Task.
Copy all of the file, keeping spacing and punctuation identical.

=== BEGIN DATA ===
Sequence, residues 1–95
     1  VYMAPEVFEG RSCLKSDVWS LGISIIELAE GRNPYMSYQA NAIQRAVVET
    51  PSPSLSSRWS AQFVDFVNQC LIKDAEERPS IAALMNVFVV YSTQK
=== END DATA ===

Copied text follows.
Sequence, residues 1–95
     1  VYMAPEVFEG RSCLKSDVWS LGISIIELAE GRNPYMSYQA NAIQRAVVET
    51  PSPSLSSRWS AQFVDFVNQC LIKDAEERPS IAALMNVFVV YSTQK